We read with interest a story via OnRec this week that ‘UK managers shy away from workforce planning in fear of a coup’. The article quoted research of over 500 UK managers, with four in ten (39%) of managers surveyed admitting that a potential successor would make them feel uncertain about their job security.

Perhaps this explains why such a high proportion (over half) had yet to identify a successor for themselves.

Succession planning is of course a critical component of any workforce plan, and promoting internal talent is the most cost-effective (and arguably best) way to fill a vacancy. Having a figure already familiar with the company’s processes, its culture and colleagues obviously makes for a stand-out candidate – additionally, clear and open opportunities for progression also helps to retain key talent. 

For managers, shaping a dependable junior figure for a more senior role should be no cause for concern. In the short-term, the assistance and ability to delegate some responsibilities will no doubt be welcome. Looking further ahead, rather than be fearful they’re training a direct replacement, managers should recognise an opportunity for their own progression and taking their understudy upwards with them.

The real question here though is, should (non-hiring) managers be responsible for identifying their own successor?

A defined workforce plan, one that not only takes into account succession but aligns with key business objectives and anticipates talent gaps throughout the organisation, should fall under the remit of a recruitment strategist.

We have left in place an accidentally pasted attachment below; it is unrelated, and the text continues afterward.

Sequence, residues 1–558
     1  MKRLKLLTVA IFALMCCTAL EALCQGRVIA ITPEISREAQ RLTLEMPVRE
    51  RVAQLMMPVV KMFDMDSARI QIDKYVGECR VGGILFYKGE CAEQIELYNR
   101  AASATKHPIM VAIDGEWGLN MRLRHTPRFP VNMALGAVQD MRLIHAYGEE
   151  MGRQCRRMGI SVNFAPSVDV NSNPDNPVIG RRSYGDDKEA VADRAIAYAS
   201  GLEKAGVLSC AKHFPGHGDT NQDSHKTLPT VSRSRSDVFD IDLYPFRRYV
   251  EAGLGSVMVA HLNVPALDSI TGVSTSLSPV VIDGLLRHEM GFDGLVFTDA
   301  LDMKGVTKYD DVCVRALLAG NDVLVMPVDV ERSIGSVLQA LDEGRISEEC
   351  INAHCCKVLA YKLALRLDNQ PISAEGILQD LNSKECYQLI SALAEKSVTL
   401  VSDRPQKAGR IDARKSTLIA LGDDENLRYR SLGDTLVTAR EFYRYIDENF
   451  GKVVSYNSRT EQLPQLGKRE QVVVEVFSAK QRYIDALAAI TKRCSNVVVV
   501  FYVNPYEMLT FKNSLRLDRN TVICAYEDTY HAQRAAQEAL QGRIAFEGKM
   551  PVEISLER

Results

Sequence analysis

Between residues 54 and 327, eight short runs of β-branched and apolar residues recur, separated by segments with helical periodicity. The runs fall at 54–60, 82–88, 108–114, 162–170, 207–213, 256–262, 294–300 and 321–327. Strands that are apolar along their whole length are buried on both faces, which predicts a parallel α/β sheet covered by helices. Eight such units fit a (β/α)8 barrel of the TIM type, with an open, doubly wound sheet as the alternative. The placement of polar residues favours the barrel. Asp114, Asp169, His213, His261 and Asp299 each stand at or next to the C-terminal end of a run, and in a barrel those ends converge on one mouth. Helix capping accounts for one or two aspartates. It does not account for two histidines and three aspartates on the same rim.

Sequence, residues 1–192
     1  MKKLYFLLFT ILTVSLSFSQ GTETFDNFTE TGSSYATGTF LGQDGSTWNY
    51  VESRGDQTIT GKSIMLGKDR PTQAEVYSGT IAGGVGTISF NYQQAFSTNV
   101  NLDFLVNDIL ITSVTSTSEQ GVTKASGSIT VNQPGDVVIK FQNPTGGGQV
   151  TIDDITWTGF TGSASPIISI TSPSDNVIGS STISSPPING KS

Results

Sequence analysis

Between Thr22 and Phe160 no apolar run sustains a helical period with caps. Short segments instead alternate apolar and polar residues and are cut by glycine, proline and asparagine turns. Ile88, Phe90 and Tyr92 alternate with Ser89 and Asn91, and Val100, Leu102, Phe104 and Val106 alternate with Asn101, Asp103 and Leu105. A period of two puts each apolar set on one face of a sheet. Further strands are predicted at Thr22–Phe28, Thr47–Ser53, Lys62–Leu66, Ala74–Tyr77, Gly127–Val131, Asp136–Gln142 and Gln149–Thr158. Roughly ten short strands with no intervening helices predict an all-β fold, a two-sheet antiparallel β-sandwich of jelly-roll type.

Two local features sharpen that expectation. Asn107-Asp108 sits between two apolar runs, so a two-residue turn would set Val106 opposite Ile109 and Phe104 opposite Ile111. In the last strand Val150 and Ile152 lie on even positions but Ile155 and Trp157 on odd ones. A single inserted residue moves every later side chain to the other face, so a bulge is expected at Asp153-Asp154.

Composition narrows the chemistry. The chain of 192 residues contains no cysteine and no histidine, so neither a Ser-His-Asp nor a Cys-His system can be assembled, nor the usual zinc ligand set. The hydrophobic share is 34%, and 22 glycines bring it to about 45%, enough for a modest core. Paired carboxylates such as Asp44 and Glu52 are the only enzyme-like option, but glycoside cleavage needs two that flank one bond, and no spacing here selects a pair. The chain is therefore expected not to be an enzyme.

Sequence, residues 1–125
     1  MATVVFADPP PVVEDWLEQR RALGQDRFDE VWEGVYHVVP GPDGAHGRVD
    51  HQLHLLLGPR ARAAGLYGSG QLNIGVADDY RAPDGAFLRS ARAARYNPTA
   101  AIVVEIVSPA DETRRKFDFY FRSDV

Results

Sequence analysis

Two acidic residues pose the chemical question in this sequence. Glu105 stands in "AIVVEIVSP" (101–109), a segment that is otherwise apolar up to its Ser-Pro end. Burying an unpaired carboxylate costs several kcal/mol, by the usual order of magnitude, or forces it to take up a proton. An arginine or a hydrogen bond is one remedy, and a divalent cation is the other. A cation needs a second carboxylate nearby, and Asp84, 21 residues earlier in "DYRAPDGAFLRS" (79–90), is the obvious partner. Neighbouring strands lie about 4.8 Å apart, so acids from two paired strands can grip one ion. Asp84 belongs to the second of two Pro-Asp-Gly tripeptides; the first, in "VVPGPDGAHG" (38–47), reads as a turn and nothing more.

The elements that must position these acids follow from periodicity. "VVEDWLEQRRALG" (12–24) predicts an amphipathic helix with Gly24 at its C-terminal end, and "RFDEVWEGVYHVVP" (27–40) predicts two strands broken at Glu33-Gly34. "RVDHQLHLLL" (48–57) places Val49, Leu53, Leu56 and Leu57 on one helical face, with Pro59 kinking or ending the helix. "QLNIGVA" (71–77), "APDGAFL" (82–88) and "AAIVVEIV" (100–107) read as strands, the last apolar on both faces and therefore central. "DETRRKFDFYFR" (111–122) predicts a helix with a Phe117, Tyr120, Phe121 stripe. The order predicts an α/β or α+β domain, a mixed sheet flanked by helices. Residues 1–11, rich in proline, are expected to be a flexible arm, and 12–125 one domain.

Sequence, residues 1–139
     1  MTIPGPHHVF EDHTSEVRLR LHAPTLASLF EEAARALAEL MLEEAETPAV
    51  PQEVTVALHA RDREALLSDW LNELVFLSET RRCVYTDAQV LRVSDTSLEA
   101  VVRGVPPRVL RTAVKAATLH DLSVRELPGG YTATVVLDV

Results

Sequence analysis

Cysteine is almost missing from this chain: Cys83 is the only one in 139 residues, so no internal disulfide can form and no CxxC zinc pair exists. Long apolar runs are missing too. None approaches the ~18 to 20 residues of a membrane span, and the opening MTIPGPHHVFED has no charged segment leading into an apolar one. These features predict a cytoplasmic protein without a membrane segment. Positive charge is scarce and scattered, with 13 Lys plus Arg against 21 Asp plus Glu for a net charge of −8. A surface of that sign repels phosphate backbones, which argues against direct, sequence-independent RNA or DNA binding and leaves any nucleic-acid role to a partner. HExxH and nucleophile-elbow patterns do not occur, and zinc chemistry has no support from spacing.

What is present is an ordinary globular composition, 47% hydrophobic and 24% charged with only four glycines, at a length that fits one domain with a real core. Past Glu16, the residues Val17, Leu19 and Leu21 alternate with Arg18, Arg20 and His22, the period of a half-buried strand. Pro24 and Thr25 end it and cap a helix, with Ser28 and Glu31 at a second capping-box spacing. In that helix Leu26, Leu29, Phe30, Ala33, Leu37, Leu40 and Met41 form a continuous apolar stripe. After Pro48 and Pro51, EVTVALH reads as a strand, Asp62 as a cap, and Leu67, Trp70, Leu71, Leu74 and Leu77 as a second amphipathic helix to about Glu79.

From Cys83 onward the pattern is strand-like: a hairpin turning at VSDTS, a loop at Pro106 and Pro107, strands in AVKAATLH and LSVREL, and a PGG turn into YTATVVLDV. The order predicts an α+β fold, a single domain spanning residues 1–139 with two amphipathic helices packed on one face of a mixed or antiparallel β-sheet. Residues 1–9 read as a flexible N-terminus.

That way, a more holistic approach can be taken and the appropriate sourcing strategy deployed when a vacancy arises – this could be an internal hire (as in the case of a succession plan), but equally a different type of candidate might be preferable. Only with full visibility of the recruitment process can the best decisions be made, and a manager, or even a recruitment generalist, is unlikely to have access to such high-level insight.

Either a senior figure at boardroom level, or a strategic recruitment partner with a voice at the highest level, should be formulating and executing a workforce plan, as this is the only way it can truly support the business in a proactive way, rather than at a tactical level.

We’ve put together an overview of how this type of strategic model can work to deliver tangible business benefits, where strategic initiatives like workforce planning and sourcing strategy are harnessed to drive real value to organisations. To discover more, download our free eBook.